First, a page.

You know what? I’m going to stay a bit longer
Coffee lovers rejoice: Serbia runs on the stuff. It chugs and glugs through its veins on an almost constant drip, a relic of Ottoman rule and the influence of Turkey. Today, however, traditional Turkish-style coffee is being, if not replaced by, then certainly put in competition with Italian-style hole-in-the-wall espresso stands and hip, stripped-wood-and-bare-metal coffee shops.
Belgrade restaurateurs are also combining the old and the new when it comes to food. Try, for example, kaymak, a traditional soft cheese, but flavored with porcini mushrooms, or take a typical Balkan dish like grilled, skewered lamb, but drizzle it with eggplant aioli. There are, naturally, plenty of places that do things such as traditional barbecued pork in a number of ways (sausages, steak, pork knee with delicious, crispily-glazed fat), but the newer combinations of trad dishes with a flavorful modern twist are where it’s at.
Why not wash your meal down with a bottle of local wine? Since the early 2000s, the country’s viniculture has been slowly growing in strength, charming even winemakers in countries more associated with the art, such as Italy and France. Around 65% of the grapes grown in Serbia are white, but the deep reds from varietals such as Merlot and Cabernet Sauvignon are an excellent choice with those rich, barbecued meals.
‘Beside the seaside’
An island in the Sava river that’s been artificially turned into a peninsula, Ada (officially Ada Ciganlija) is the place to be for Belgraders in search of a day at the beach.
The peninsula is covered with beautiful, dense forests, interspersed with the odd clearing or meadow, and while walking through the trees you might be lucky enough to see deer, pheasants or occasionally even quail. The real reason people flock here, however, is the beach. There’s over 7 kilometers of beach on which to lie back and relax, or for swimming, boating, kayaking, windsurfing, or anything else that involves being active on the water. Across the island, there are other sporting distractions as well, including a golf course, beach volleyball, a climbing wall, tennis courts… even paintball!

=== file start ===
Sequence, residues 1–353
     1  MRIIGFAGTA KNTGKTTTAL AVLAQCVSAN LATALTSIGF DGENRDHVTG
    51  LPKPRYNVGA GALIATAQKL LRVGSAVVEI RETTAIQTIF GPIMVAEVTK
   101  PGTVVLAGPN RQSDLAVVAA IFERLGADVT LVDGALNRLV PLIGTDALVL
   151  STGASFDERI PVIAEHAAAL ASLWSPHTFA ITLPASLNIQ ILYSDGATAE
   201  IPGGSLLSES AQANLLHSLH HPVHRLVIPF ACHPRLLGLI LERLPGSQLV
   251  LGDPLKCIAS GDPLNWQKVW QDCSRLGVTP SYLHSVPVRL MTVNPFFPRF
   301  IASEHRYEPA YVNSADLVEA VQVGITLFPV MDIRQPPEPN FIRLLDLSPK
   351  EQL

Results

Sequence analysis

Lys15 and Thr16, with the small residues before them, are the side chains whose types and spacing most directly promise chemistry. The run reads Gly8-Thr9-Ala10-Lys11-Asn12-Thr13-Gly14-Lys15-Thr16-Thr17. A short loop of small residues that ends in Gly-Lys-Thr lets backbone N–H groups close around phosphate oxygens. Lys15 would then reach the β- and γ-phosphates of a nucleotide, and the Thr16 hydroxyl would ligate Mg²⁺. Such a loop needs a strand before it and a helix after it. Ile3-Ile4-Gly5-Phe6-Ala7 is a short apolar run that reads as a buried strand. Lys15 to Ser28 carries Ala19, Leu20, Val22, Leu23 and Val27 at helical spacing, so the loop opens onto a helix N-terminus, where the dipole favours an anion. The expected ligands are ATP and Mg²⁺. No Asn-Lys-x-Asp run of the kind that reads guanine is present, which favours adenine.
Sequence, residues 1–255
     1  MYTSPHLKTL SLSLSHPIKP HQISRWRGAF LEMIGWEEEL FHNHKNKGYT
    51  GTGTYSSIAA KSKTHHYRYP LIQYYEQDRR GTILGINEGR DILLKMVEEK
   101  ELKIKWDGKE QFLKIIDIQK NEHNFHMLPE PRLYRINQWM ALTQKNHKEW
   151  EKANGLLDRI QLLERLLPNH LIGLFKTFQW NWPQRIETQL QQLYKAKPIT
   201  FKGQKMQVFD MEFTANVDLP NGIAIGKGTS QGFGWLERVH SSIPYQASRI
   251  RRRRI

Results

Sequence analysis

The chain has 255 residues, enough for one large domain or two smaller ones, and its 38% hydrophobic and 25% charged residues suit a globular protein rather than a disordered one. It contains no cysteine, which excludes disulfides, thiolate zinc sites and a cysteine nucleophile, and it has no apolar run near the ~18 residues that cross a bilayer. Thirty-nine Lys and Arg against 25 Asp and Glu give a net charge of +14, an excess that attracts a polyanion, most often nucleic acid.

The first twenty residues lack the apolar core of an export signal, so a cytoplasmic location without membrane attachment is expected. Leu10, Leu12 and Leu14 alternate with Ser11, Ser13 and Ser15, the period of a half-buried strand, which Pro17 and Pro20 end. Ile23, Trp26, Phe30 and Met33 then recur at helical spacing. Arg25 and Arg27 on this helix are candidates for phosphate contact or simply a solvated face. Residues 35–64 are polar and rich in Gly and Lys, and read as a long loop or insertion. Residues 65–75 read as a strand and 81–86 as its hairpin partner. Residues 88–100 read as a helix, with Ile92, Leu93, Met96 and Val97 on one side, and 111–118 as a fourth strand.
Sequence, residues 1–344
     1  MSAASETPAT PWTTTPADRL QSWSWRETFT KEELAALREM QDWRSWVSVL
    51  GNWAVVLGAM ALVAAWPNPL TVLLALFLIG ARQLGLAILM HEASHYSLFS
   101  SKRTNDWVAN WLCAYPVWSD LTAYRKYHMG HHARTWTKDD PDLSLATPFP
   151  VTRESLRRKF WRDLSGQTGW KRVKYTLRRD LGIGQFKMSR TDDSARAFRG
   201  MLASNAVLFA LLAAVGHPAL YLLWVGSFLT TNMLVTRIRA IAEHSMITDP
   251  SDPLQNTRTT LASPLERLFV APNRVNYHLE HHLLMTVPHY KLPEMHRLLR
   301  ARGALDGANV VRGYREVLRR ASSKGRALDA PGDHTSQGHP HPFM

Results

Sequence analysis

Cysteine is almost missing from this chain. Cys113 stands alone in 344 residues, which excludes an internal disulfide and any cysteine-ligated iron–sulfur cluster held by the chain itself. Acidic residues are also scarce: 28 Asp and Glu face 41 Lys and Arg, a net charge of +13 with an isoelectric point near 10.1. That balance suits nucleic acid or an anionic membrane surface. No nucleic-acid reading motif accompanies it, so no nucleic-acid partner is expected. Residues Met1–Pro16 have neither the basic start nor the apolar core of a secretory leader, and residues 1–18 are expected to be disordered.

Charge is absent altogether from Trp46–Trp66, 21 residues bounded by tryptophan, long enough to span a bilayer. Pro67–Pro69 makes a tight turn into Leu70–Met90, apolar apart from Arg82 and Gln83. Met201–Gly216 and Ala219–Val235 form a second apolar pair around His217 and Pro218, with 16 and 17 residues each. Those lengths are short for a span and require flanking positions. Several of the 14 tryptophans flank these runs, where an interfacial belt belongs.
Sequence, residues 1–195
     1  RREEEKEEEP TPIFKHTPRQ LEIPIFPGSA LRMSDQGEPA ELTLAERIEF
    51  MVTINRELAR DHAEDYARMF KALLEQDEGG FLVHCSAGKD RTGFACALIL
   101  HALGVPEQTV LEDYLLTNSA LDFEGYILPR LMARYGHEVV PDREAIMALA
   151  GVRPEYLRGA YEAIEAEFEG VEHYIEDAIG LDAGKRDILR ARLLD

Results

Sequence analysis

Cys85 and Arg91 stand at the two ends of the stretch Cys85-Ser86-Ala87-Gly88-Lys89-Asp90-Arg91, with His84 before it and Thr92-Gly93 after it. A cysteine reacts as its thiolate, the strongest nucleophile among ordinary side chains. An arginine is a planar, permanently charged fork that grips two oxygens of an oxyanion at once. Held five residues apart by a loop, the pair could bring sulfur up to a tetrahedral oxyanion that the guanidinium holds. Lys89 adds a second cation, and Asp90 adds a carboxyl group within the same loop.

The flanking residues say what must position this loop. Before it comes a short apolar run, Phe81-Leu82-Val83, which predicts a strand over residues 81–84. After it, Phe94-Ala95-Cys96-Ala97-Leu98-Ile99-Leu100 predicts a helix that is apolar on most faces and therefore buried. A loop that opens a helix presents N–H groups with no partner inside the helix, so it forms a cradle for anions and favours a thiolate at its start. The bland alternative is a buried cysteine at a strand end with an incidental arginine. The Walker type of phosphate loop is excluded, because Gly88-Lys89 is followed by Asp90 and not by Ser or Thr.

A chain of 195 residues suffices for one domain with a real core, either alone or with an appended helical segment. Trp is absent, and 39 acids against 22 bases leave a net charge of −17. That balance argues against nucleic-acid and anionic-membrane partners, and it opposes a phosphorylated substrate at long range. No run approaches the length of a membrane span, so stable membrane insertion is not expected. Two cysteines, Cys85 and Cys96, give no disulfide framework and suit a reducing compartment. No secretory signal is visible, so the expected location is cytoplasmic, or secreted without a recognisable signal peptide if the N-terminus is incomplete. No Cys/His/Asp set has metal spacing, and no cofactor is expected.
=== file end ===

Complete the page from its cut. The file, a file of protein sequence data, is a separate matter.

The summer also sees a number of cultural events take place on Ada, with open-air choir and orchestral performances, and there are also a number of restaurants and bars, with even a couple of nightclubs for that all-night, outdoor clubbing scene.
No matter when you come, there’s enough on Ada to easily spend at least a day here, either tiring yourself out or simply lazing around and doing very little!
A stark contrast: Zemun and New Belgrade
Until 1934, Zemun was actually an independent town, and looks more like your typical Central European town than the more Ottoman-tinged areas of Belgrade itself. It’s all cobbled streets and hidden squares, and feels… just different somehow. It’s a greener place than the rest of Belgrade, proud of its (counter-)cultural side, and has a number of protected historical sites and monuments.
Walk, eat (the seafood is something the locals are rightly proud of), drink, and climb Gardoš. This is one of Zemun’s three hills, and is the place for beautiful views out over the Danube and back across the red-tiled rooftops.
Even though they’re neighbors, there could be no more jarring contrast than between Zemun and New Belgrade (Novi Beograd). Construction began in 1948, and was planned to be a source of pride and forward thinking by the Communist government of the day. A ruthlessly and meticulously planned part of the city, its Brutalist buildings are… striking, to say the least. The most famous is probably the mighty Genex Tower (also known as the Western City Gate), 35 colossal stories of concrete and heft, which is now — for better or worse — one of Belgrade’s most recognizable structures.
No matter when you visit Belgrade, your trip is almost certain to coincide with one of the hundreds of festivals that take place year-round. Music, dance, food, drink, art, sport: you name it, Belgrade has it.